remcor wrote:One thing I would disagree with is that there is no evidence. There is not complete evidence but there is evidence. There’s the tape and there’s the important fact that only 2-3 days after the incident she is “no longer working at the FAA”.
I agree that there should be strong caveats on speculation, but this thread initially was sure that she had suffered a stroke or a medical emergency. That is also speculation.
So if we’re going to speculate on a medical problem I think it’s also entirely reasonable to speculate that it was misconduct. And weighing the evidence, I would say there’s more evidence (though not at all conclusive) that this was due to misconduct. That evidence, namely, is the fact that she was either terminated or resigned 2 days after the incident - this does not make sense to me if one suffered a severe medical issue.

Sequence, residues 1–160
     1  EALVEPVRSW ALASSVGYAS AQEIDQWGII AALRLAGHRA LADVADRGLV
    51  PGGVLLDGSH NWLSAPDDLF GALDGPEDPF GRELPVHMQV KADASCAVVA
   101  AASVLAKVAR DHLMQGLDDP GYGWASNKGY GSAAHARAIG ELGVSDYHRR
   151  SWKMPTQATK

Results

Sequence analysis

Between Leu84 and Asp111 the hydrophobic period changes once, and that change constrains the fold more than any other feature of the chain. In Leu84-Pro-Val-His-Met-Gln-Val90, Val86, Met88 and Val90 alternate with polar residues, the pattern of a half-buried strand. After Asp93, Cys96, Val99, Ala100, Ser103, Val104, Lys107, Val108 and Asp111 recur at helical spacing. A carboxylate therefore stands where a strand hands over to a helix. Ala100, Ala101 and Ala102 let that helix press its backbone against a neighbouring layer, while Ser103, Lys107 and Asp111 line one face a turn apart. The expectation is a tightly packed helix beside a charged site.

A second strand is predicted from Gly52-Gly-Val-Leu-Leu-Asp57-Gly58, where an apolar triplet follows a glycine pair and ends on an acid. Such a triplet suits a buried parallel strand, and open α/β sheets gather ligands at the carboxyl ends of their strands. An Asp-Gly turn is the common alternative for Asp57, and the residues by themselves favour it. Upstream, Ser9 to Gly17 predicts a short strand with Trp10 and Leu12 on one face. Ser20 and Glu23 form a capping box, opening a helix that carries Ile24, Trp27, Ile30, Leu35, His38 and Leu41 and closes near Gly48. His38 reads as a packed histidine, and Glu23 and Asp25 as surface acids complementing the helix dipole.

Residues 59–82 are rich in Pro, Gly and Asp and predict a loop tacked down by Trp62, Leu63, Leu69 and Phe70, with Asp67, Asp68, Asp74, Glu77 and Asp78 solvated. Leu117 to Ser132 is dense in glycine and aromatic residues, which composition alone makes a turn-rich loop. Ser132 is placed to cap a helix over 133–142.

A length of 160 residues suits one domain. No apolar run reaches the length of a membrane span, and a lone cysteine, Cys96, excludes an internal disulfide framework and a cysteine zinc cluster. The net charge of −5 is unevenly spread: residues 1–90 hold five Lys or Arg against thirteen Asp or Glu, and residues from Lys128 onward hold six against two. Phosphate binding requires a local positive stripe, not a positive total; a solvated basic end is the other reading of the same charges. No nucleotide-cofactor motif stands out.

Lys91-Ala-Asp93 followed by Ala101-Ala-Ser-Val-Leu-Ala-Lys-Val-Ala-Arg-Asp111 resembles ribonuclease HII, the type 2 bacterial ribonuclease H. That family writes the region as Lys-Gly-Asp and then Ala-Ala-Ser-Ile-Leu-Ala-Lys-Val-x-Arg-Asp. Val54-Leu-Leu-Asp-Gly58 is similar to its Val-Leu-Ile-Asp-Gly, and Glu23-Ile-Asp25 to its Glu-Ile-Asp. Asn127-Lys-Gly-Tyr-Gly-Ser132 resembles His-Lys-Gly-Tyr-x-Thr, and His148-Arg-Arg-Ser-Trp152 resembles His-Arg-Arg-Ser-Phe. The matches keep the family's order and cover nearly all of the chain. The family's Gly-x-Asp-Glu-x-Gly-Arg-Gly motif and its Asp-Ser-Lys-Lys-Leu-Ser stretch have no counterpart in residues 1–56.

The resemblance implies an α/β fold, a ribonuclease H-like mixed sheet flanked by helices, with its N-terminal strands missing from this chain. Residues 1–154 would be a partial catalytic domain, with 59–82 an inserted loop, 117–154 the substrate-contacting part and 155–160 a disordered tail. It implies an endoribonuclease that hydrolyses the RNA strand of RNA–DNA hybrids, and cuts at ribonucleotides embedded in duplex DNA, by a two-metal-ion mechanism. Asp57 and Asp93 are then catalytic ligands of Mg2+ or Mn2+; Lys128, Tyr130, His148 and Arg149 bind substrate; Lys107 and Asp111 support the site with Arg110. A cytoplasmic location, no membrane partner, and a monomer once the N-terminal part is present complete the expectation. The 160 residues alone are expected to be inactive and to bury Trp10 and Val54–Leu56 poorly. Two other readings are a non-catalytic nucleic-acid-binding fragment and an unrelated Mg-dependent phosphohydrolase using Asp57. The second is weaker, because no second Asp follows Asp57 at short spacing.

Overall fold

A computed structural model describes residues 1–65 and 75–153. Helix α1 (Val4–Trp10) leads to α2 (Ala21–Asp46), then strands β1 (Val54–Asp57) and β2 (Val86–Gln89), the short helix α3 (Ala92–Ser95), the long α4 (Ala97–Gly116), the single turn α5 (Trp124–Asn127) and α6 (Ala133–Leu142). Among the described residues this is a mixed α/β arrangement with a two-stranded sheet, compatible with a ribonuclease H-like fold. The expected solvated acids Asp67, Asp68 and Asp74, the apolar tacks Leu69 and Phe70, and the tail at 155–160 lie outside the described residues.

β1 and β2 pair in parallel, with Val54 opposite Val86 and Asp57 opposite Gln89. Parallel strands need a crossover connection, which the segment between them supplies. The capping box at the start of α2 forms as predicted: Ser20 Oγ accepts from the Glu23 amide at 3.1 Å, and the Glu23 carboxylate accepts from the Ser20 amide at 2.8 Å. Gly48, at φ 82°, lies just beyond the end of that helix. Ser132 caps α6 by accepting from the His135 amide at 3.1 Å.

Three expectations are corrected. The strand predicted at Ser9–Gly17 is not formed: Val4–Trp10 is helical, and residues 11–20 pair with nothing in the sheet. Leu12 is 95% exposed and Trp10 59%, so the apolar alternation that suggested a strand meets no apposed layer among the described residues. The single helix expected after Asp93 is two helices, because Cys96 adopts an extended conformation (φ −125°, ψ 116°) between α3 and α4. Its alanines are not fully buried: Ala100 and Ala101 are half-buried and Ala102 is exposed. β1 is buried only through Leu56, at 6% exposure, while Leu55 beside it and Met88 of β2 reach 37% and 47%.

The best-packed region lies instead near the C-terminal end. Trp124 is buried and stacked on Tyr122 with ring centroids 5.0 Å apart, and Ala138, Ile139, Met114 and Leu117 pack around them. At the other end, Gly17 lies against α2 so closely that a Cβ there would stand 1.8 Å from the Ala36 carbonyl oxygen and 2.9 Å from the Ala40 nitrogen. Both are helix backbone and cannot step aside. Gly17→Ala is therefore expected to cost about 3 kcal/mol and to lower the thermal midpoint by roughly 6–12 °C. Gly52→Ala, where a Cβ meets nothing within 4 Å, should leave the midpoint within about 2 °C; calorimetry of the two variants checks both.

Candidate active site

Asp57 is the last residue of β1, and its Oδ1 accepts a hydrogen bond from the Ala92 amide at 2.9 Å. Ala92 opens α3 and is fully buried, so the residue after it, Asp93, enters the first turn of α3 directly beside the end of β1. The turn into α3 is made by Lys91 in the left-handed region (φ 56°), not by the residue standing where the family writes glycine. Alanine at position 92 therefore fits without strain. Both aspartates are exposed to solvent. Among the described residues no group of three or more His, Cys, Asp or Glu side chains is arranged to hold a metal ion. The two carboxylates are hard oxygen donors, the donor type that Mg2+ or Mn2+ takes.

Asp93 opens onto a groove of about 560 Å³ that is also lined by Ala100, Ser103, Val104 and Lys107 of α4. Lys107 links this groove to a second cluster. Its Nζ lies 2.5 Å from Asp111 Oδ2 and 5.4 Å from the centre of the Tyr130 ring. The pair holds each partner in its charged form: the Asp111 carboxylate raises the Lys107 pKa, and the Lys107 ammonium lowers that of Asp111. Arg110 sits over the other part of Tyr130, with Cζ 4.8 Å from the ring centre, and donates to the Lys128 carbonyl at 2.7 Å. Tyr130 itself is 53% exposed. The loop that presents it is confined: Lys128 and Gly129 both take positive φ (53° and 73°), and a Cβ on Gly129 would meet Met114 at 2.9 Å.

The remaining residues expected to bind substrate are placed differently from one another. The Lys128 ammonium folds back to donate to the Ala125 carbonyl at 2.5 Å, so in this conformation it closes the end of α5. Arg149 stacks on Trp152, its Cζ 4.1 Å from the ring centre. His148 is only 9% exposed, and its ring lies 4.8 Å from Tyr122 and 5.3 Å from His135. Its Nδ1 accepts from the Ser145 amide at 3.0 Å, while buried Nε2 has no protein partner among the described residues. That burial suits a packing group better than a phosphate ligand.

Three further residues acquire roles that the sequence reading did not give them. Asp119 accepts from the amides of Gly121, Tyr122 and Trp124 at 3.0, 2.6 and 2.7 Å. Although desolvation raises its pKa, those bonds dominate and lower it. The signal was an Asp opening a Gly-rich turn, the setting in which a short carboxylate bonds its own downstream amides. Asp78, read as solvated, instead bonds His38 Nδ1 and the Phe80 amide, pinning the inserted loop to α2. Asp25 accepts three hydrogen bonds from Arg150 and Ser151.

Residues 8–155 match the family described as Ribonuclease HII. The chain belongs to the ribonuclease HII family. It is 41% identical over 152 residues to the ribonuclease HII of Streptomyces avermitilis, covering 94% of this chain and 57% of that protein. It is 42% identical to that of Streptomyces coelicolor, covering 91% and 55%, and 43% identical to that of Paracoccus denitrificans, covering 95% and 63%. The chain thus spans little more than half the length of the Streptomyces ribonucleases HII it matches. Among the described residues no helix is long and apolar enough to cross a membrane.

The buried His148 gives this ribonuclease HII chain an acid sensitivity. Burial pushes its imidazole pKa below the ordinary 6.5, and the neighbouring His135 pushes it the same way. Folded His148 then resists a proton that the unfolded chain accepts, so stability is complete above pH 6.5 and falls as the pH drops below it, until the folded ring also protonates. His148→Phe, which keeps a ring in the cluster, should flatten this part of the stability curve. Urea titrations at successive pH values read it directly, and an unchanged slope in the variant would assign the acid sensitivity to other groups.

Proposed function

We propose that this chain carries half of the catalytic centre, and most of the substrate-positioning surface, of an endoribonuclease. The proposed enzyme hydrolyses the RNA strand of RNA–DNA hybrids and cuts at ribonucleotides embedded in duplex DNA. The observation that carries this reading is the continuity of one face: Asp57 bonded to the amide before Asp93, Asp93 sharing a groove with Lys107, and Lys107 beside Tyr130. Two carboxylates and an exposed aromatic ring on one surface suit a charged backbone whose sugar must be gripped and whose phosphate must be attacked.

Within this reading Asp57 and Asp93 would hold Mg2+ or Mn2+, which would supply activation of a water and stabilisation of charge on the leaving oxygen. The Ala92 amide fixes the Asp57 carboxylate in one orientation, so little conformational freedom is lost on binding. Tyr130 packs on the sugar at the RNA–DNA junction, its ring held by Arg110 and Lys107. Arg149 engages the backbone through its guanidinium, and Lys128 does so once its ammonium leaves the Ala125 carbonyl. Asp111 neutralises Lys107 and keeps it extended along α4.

Alcoholism is a medical condition. Medical personnel responded to this incident. Can it be both misconduct and medical? Sure...I’d call it that. If you know anyone who knows anyone who works LAS (and I think it was posted here plenty), the info you will hear is that she was hammered, and it wasn’t her first run in with alcohol issues. Now if someone can just get the FAA to admit it....that’d be good. But the FAA doesn’t want that because it looks pretty bad. I’m sure a few FOIA requests might help, but where it crosses the medical line, some of that information may be protected. The swift resignation may make it easier to sweep under the rug.